EQUALIZATION FAIRNESS ISSUE COULD IMPACT FALL ELECTION

The following letter was published today by Joe Ward. Joe is drawing attention to equalization fairness and the fact that it will be a hot topic in the next municipal election. We will make sure it is! With the constant increasing and over the moon property tax rates in the CBRM, how can it not be first and foremost on the minds of the voters? Here is Joe’s well-done letter: EQUALIZATION FAIRNESS ISSUE COULD IMPACT FALL ELECTION 6 Jun 2024 David Delaney’s commentary listed above advises us to bury the Cape Breton Regional Municipality (CBRM) equalization fairness fight and he suggests a “better alternative” that requires a “relentless application of (hard work and logic) with all three levels of government.” Either way — equalization fairness or Delaney’s alternative — define their success as funnelling more federal dollars to municipalities like ours. Neither is easy. When targeting more federal dollars for CBRM’s needs and to lower taxes, it’s intuitive that the billions the feds send to Nova Scotia for that purpose is the primary target. The target and the strategy aren’t the same, but at least we know where the money is coming from. There’s more to “equalization fairness” than just former CBRM mayor John Morgan’s mythology. Both his legacy and equalization fairness supporters are significant factors in CBRM voter decisions. While Delaney is fittingly amused at how “local politicians run toward it, then away”, they cannot do so unscathed. It’s one of the key reasons why Amanda McDougall Merrill is our mayor right now, instead of Cecil Clarke in his third term. With Morgan out, Clarke managed to get elected for a first term as mayor in 2012. He narrowly slipped by for a second term in 2016 when the public thought challenger Rankin MacSween “blamed” the Thanksgiving Day storm on the CBRM. (FYI, he didn’t). Clarke finally met defeat when McDougall trounced him in 2020 despite his two-term incumbency. His opposition to equalization, contrasted with McDougall embracing it, were most certainly a component of the deficit of thousands of votes he succumbed to on election night. And it will once again factor this October. After becoming premier in 2021, Tim Houston sent the CBRM an extra $15 million with nary a “thank you”, then took it away after a willy-nilly property tax break that primarily wound up benefitting big box stores. We can’t restore that $15 million and then some without the impact of the influential equalization fairness voice. Joe Ward Sydney

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Raymond Mac Donald Follow Me
McDougall embraced equalization is news to me............ and where did that get us?
Charles Sampson Follow Me
Raymond, she did not embrace equalization.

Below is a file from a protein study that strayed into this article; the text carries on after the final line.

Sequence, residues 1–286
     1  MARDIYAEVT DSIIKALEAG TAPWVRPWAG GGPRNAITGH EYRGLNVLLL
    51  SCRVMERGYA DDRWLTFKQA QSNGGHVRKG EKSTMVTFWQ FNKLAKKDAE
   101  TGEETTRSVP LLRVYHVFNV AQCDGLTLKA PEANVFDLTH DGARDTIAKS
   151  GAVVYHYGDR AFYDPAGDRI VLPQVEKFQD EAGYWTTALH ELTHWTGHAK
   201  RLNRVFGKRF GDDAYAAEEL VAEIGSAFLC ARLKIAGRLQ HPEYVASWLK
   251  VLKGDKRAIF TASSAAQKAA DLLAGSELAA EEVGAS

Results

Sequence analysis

Bill Fiander Follow Me
What is required to get these equalization dollars? And what is the likelihood of it happening?
Raymond Mac Donald Follow Me
There has never been any proof that there are bucks missing from here.Recently an RCMP investigation concluded that.It's all about politics and many of the people we have elected over the years don't know how to play it.It hurts me to say it but politicians gotta play politics at times and ranting and raving over being gyped out of funds in the media,sometimes very personal against fellow politicians at various levels and from different parties is not playing politics.In simple terms it's being stupid.Let's get out and elect some folks that are in it for our interests and not their own grandstanding.
Charles Sampson Follow Me
Raymond, the reason the RCMP did not pursue this matter is because they said their policing power does not include section 36 of the Constitution Act, 1982.
Charles Sampson Follow Me
Raymond, the issue is whether governments are complying with the supreme law pursuant to section 36 of the Constitution Act, 1982. When governments refuse to be accountable and transparent about their spending of public money, there is no proof either that money is not missing from where it legally belongs. When the government’s own figures show that there is a whopping gap between the amount provided by the federal government’s equalization formula for a municipal deficiency in tax capacity related to property taxes and miscellaneous revenues and the tiny amount forwarded by the provincial government to municipalities, the missing money argument is a legally valid argument to make. This money is missing from where the constitutionally related category in the formula generated over $650 million while the provincial government provided $30 million. This gigantic amount of money difference needs government TO PROVE IT IS DOING NO WRONGDOING WITH TAXPAYERS’ MONEY .
Charles Sampson Follow Me
Bill, when government is unaccountable over the public money it spends and when the justice system is rendering a political decision instead of a legal one, I guess this legality of our property taxes is then left to the electorate.
Charles Sampson Follow Me
Raymond, your comments reflect an obvious message of no concern about the government’s refusal to explain their own information that does not simply add up legally. The math is elementary grade school level but you, like a government employee or politician, avoid any kind of remark concerning these discrepancies. Why? Raymond, if you and the government are being above board about your role here, what are you and the government afraid of when asked to explain their own numbers presented that do not correlate with the federal government’s numbers? Why are you ignoring the evidence of possible government mismanagement of public money and possible non-compliance with its obligations to the people enshrined in OUR CONSTITUTION?

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